Thai designer Tawn C. on surviving the pandemic and Project Runway

In Thailand, they dress for the occasion. But after two years of Covid-era restrictions, there haven’t been many occasions to really take pride in one’s outfit. Famed Thai designer Tawn Chatchavalvong – known as Tawn C. – is excited for that to change in the new year as his customers start “dressing up” again. He speaks exclusively to AMC about running a fashion house during the pandemic, and his exciting new challenge: mentor on Project Runway Thailand.

All photos: Supplied

Pre-Covid, a Tawn C. collection could be seen twice-yearly at fashion weeks around the world, specifically Paris, where the brand has made a name for itself. “In general, the government tries to support us to go outside Thailand, and show our soft power to the world,” says Tawn from his home in Bangkok. “As designers, it has always been important to look around, ask ourselves what our strengths and weaknesses are [in the global market], and ask how to do it better.”

Travel restrictions have put a pin in this sort of outward-facing work for Tawn; instead, his focus has gone onto his domestic market. “I have to say that it has been quite a difficult time for all of us in fashion for the past two years with Covid,” he says. “The journey for me is about 10 years as a brand to build my company. We continue the legacy the many designers who have paved the way for us to be successful. At the time of the moment, it’s not just about being successful but that you can sustain, and also, survive the pandemic.”

To preserve his cashflow for the new, open world we’re all waiting for, Tawn closed his stores – a decision he thought would be heart-breaking. Instead, it has reinvigorated him to think about what he wants for the future of his brand. “Asia is generally a very creative continent,” he says. “And we have the ability to design and manufacture here, and have enough wow factor. While we can’t travel overseas, we are focussing on the local market, and looking at how they purchase from us.”

What has Tawn C. noticed as a brand? “Business is bouncing back,” he grins, after a thorough assessment of what lines sell the most product. “People want their life back. Thai people dress for the occasion. They want a blouse or a skirt for when they can go out again. 

Fashion, Tawn says, is a business that happens to sell clothes. “I have to be careful about my creative needs versus my business needs, and I need to wear two hats,” he explains. “When I creative side speaks louder it says, ‘oh, we want to spend more, we want to create the collection with more materials – more expensive materials’.

“When the business side is talking, it says ‘oh no, you have to calculate the margins… how can you survive? There’s an atelier back at home that needs support and funding for the next two collections we are working towards’.”  

The commercial side of Tawn C. always wins over the creative. “Fashion business is a business, and we need to look at it from the standpoint that it needs to make sense,” Tawn says. “Grow organically, show what you can do, make it a really good business, so you will survive.”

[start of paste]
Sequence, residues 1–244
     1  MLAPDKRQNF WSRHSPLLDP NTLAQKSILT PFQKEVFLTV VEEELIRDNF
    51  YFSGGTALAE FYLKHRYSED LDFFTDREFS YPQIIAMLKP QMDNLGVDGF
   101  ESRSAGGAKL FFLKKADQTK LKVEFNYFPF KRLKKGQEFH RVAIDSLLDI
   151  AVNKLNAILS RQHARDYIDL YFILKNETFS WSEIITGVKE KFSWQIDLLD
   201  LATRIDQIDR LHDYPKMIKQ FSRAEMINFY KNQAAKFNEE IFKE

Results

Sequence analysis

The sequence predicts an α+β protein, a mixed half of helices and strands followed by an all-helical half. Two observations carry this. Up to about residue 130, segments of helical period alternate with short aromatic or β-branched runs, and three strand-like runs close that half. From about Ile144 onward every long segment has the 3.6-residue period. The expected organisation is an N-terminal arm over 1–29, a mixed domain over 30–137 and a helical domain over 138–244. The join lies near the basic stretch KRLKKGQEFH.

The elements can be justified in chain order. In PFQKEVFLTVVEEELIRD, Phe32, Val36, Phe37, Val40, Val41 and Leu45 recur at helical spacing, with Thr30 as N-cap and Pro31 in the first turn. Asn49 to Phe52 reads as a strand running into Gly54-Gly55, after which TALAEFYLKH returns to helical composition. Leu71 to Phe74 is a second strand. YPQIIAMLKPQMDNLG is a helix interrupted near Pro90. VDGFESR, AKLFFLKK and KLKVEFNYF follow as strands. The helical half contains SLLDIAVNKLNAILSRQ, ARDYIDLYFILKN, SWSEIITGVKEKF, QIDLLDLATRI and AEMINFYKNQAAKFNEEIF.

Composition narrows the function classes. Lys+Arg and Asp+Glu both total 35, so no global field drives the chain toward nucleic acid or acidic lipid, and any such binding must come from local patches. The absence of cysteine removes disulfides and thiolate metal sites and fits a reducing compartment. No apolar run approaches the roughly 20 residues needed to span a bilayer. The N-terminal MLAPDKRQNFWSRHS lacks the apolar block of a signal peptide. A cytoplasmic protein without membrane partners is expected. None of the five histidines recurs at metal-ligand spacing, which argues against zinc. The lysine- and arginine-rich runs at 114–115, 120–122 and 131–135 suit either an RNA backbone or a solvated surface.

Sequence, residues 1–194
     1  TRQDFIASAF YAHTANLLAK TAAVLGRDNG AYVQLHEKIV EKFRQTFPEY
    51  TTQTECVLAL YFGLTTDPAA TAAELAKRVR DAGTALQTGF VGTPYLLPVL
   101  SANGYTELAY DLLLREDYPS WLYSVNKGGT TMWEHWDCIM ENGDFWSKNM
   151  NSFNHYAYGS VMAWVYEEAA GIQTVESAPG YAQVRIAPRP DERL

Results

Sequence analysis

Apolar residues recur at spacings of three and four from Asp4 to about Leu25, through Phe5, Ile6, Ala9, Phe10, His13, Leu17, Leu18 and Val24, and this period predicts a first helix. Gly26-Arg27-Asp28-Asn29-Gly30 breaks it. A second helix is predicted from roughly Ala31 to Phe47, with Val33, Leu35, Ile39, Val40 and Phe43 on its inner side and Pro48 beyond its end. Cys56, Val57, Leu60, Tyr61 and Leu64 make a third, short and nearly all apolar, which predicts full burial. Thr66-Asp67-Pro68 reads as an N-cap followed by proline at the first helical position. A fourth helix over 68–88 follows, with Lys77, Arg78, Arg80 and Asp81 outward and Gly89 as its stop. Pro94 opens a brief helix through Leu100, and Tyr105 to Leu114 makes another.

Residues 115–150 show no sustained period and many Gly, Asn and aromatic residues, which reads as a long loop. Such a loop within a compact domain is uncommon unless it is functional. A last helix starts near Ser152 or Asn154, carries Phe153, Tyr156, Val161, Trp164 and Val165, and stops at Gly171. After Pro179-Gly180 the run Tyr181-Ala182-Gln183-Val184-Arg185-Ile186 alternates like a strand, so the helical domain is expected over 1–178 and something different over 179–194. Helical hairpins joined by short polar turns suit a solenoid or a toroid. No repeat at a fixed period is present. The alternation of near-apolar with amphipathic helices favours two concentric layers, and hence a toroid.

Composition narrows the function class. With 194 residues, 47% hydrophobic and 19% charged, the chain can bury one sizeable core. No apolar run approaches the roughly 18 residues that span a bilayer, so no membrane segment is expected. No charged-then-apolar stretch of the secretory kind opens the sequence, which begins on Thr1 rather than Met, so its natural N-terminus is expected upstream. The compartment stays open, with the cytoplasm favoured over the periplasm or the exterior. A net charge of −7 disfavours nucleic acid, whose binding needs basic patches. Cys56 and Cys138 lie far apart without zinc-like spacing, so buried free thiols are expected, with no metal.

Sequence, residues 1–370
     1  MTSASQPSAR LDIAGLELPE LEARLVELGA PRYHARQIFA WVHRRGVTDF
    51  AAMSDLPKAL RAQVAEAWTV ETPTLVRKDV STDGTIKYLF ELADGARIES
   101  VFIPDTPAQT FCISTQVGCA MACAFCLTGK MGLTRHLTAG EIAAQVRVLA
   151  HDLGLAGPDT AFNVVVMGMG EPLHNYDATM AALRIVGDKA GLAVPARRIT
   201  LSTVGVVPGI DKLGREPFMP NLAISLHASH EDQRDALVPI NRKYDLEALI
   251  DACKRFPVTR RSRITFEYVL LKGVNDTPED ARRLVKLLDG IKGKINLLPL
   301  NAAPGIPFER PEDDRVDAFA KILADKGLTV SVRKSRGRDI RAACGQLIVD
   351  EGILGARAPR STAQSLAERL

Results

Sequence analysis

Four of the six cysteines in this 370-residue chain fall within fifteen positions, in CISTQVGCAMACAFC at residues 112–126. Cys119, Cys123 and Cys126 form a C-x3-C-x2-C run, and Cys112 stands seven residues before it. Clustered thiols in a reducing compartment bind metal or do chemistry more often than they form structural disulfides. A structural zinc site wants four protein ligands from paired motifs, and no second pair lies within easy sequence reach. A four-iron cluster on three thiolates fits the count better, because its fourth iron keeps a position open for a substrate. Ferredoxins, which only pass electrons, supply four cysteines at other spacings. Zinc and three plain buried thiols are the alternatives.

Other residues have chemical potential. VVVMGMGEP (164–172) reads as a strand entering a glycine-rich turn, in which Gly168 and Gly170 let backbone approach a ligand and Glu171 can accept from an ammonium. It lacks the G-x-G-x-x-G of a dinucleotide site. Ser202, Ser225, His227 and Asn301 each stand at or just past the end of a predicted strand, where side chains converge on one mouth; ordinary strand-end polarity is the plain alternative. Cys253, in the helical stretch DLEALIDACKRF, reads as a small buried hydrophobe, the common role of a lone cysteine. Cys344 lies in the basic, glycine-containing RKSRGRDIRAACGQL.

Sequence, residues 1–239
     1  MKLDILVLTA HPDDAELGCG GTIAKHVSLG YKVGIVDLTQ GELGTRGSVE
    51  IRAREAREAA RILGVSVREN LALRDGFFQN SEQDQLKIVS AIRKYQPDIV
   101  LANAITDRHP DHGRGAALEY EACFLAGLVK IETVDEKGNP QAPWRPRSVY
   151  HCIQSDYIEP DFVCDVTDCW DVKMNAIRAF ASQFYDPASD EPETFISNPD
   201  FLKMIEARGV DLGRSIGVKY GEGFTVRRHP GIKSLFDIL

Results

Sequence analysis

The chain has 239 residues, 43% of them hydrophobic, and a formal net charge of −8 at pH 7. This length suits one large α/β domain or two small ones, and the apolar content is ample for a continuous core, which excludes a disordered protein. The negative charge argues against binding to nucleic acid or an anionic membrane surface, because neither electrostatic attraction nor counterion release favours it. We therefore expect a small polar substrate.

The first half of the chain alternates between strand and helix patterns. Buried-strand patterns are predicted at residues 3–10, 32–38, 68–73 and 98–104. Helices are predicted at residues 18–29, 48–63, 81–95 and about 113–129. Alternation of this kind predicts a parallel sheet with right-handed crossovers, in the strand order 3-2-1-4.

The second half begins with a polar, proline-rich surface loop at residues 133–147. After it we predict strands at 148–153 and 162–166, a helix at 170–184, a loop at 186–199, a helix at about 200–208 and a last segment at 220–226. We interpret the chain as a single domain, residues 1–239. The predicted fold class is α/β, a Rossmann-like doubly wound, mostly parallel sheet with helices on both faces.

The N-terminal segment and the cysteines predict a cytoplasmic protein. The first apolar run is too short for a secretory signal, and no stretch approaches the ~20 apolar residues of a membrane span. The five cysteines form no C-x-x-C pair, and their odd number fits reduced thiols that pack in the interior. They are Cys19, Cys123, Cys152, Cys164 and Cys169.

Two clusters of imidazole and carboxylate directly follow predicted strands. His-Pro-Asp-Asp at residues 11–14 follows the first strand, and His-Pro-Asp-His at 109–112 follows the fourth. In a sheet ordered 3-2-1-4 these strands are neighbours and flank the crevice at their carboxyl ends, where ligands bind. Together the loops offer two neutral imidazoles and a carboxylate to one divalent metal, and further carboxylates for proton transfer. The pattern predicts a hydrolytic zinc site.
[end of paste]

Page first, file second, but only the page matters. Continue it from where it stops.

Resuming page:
With the pandemic Tawn has also been given the luxury of time. He’s using it to give back to the fashion community: next year, he will be the mentor on Project Runway Thailand, the role Tim Gunn made famous in the US.

“It’s a very popular format around the world, and we’ve waited so long for Project Runway to come to Thailand. I’m very honoured to be picked as the mentor for the show,” Tawn says. “I love giving back. One of the things I have been doing is going to universities to teach fashion. I need to help nourish the new generation of designers; that’s why I put my time in. It’s important for me to connect with what they are doing at the moment.

“Designers can be really focussed on what’s in front of us. When I widen my perspective and see what they are into, what their interests are… it helps feed the energy back to me. For Project Runway, it’s the opportunity for me to show my design ability, and my teaching ability, combined together in front of a TV show.”

Project Runway has been in the works for months, and they will begin to film next year when Thailand’s pandemic restrictions make it possible.

Tawn has experience with young designers from New Zealand, too. In 2018, in concert with the New Zealand Embassy in Thailand, he hosted a group of Kiwi fashion entrepreneurs. They also presented their work at a fashion show at the embassy in Bangkok. This was a first for New Zealand designers. 

“One thing I find the most interesting about [Kiwi designers] is their mindset about the environment, and that it’s very deep in their creative process,” Tawn says. “I think this is very critical, and modern. You’re thinking about the carbon footprint, the waste you generate, the impact you’ll make on the world with every stage… it’s very impressive. It seems to be in your DNA.”

 - Asia Media Centre